It is important to note that ikujigo varies regionally. The above examples are common in Tokyo and the greater Kantō area. For example, a mother in Tokyo would likely use enko or encho to tell their child to sit down, whereas a mom in Ōita Prefecture on the island of Kyūshū might say chanko. Likewise, Tokyo parents will use bacchichi to say something is dirty, while in the western prefecture of Shimane they might use chanai.
There are some who argue that young Japanese speakers are put at a disadvantage through the use of ikujigo as it requires them to relearn adult forms of words as they get older. There is little credible evidence showing Japanese children are left at a communicative disadvantage, though. Other researchers have hinted that baby talk symbolizes the underlying societal value system: while in many Western languages it reflects a cultural sense of autonomy, the structure of ikujigo echoes the values of order and social harmony characteristic of Japan.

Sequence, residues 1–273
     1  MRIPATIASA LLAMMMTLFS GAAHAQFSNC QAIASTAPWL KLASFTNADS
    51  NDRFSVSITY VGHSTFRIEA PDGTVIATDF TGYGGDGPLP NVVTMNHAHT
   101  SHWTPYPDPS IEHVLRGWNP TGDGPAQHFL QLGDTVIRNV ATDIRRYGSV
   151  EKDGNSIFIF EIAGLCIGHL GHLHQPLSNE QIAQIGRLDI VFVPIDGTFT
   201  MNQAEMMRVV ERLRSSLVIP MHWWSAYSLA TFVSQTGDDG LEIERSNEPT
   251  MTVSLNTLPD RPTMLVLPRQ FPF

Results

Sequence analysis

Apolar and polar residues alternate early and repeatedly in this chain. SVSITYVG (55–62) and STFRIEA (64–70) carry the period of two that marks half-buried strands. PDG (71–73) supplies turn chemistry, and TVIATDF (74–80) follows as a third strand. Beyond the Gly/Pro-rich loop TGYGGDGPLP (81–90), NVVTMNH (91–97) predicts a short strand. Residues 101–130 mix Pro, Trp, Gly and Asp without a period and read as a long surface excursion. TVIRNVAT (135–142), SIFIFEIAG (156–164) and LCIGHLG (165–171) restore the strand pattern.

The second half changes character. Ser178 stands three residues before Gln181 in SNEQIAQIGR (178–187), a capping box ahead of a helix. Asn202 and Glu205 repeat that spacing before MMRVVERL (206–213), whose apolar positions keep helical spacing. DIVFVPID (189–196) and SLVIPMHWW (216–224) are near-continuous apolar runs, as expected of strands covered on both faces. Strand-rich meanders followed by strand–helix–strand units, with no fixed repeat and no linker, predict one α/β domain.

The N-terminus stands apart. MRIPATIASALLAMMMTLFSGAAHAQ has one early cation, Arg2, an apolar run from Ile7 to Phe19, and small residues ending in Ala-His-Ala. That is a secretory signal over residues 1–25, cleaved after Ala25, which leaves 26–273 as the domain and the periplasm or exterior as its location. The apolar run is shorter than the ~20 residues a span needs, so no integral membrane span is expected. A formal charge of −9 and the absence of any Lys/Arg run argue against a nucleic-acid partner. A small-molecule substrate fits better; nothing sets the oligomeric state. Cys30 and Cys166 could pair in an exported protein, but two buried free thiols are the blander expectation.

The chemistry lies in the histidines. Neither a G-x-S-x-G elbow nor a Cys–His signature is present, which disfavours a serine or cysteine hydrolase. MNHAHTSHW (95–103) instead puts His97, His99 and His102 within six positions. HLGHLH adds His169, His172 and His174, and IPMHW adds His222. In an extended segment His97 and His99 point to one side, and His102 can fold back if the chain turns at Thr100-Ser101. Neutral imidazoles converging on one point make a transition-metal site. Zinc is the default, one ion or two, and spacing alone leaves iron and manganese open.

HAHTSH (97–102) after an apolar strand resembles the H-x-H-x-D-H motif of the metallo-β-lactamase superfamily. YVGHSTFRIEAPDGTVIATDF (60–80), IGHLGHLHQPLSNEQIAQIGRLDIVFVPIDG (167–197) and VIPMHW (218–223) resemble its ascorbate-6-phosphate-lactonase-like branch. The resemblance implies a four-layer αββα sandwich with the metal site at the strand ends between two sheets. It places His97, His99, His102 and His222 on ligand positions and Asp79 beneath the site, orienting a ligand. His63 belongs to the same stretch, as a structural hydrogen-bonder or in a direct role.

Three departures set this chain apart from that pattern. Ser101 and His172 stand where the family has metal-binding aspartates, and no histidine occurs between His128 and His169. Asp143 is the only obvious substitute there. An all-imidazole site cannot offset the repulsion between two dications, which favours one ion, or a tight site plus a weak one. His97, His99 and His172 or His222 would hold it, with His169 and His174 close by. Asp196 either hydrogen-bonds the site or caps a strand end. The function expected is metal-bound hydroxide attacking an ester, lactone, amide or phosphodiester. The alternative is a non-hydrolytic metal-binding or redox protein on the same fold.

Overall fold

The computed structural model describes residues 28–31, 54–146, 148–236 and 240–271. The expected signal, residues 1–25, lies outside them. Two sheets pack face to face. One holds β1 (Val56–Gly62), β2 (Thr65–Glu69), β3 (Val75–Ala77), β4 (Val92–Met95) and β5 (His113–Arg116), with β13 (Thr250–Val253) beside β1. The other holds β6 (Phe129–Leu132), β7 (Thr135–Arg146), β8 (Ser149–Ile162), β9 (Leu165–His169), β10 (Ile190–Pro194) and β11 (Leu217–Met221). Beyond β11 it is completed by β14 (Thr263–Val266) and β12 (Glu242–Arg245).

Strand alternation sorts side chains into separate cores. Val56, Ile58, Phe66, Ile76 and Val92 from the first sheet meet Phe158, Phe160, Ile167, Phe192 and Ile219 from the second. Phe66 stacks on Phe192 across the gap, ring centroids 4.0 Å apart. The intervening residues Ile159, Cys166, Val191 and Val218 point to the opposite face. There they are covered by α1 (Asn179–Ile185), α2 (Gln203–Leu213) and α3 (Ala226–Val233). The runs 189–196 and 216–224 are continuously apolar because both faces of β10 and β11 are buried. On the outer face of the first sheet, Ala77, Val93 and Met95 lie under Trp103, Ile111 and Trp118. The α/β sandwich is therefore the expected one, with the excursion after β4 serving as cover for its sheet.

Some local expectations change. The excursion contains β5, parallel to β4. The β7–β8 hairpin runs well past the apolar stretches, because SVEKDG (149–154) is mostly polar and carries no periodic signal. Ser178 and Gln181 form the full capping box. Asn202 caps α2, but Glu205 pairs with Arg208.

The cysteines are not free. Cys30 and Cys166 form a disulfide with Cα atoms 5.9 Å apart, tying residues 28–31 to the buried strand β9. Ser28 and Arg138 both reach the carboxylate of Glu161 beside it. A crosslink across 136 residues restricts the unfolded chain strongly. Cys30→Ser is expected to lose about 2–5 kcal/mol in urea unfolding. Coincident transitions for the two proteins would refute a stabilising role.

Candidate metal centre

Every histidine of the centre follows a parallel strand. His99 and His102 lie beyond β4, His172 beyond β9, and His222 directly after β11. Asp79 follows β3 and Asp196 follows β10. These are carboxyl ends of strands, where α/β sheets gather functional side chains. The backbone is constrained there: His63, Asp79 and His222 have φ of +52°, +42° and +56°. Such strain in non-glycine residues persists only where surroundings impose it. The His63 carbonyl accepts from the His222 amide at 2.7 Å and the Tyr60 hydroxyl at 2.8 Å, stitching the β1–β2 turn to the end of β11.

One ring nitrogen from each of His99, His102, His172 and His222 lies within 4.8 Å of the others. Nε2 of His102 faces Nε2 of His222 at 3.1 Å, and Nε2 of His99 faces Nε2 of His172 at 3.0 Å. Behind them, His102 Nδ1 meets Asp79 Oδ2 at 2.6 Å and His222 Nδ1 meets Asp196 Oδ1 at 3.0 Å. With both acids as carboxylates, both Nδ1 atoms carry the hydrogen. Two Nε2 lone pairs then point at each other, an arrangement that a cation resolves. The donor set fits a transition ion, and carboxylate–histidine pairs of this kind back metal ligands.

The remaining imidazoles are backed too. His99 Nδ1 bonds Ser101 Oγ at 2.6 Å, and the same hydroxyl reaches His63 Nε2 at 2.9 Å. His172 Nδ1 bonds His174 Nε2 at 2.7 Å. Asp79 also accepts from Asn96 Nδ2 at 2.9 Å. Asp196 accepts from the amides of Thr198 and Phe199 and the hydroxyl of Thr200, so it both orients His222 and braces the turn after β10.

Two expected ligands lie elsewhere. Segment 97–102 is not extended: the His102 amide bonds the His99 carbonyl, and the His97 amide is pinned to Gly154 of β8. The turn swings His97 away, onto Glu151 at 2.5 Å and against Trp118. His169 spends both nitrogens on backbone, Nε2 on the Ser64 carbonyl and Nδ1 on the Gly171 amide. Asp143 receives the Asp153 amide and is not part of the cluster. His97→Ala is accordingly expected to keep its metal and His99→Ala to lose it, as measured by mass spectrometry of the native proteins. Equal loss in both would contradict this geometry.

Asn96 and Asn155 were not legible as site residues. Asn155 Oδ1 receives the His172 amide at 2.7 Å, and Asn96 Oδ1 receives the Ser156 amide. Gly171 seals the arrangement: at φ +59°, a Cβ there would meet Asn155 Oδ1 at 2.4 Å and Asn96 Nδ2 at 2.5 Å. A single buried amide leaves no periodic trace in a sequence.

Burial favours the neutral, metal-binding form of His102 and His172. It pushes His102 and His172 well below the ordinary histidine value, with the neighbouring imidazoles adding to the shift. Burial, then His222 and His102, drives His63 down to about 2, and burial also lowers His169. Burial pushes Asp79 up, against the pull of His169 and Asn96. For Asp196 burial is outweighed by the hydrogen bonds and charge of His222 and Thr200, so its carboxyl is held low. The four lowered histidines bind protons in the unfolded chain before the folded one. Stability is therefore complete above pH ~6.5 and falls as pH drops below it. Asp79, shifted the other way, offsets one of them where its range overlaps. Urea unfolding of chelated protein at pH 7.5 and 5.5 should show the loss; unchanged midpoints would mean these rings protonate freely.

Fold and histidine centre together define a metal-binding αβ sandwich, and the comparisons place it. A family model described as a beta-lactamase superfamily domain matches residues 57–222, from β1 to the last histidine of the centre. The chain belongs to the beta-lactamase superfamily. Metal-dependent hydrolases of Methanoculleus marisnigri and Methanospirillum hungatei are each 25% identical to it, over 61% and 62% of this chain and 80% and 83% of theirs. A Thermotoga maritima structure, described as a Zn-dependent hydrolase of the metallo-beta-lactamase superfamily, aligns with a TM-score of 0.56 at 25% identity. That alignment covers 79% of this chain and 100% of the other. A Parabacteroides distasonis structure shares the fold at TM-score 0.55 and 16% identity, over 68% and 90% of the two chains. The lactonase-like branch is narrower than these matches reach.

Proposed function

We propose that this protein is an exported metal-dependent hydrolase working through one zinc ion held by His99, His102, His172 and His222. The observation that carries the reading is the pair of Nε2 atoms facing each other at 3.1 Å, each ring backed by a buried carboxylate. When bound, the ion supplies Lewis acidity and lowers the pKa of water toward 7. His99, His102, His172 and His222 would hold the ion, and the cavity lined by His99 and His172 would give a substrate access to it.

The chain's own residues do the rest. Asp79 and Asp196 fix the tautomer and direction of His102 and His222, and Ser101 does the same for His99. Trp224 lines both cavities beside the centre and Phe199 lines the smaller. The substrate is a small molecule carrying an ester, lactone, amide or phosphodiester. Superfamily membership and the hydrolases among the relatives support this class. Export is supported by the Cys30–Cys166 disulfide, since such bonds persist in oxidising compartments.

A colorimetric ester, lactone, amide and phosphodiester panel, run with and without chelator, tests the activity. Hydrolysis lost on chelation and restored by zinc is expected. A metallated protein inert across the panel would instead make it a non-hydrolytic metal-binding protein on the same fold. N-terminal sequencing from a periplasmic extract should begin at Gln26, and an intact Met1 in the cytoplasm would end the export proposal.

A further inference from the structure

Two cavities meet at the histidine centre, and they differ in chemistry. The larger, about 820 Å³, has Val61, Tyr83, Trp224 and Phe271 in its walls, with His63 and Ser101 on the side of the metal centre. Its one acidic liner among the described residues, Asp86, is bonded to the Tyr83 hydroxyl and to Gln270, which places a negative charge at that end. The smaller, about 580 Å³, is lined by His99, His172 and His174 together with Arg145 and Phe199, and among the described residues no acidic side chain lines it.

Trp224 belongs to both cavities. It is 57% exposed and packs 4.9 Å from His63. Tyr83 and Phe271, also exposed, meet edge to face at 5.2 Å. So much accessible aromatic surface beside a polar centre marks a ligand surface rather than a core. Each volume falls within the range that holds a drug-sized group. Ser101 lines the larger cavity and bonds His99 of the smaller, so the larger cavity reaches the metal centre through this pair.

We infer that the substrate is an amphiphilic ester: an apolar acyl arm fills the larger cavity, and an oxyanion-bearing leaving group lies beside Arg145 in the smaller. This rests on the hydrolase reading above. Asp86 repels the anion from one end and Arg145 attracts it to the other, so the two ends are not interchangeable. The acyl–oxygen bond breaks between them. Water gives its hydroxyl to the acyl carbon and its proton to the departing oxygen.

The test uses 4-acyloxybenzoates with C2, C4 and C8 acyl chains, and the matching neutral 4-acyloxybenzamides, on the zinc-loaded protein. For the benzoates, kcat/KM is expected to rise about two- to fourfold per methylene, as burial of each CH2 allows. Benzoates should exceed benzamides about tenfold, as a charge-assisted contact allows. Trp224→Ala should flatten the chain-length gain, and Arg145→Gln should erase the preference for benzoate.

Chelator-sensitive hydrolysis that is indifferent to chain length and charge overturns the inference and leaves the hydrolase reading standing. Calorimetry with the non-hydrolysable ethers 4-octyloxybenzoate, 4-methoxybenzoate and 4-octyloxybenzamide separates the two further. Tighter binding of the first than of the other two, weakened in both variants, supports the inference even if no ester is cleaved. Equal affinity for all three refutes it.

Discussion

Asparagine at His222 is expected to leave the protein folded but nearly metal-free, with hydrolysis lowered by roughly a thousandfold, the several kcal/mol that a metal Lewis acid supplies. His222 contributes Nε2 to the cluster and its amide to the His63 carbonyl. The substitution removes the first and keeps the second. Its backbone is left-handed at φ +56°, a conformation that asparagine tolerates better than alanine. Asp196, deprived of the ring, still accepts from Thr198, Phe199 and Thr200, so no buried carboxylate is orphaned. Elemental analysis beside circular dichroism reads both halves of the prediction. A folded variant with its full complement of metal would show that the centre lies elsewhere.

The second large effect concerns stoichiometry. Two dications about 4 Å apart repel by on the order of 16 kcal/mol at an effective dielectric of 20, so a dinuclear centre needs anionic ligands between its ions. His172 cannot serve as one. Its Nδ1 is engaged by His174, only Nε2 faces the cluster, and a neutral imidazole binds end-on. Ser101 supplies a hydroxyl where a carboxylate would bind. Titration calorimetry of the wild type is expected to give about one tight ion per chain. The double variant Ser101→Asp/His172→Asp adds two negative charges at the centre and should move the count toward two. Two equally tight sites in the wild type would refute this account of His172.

Regardless of the validity of these arguments, most caregivers around the world gradually transition away from baby talk as their child’s ability to speak develops. By around two years, the need for a simpler lexicon begins to wane as children move into the lightning round of language acquisition, as any parent who has found a slip of the lip being repeated excitedly by their toddler can attest.
Kids grow up quickly, and probably the greatest commonality between ikujigo and other “parentese” is the feeling of intimacy and bonding provided to both caregiver and child.
(Banner photo: © Jiji Press Photo)
Translator and editor, Nippon.com. Graduated from the University of Oregon in 1996 with a degree in Asian Studies. Came to Japan the same year and has lived here ever since, studying Japanese and traveling by train or foot in search of local history, culture, and dialects. Has also spent time as a kindergarten teacher and at-home dad. Began translating in 2008 and has worked both freelance and in-house at a major Japanese food and beverage manufacturer. Joined Nippon.com in 2014.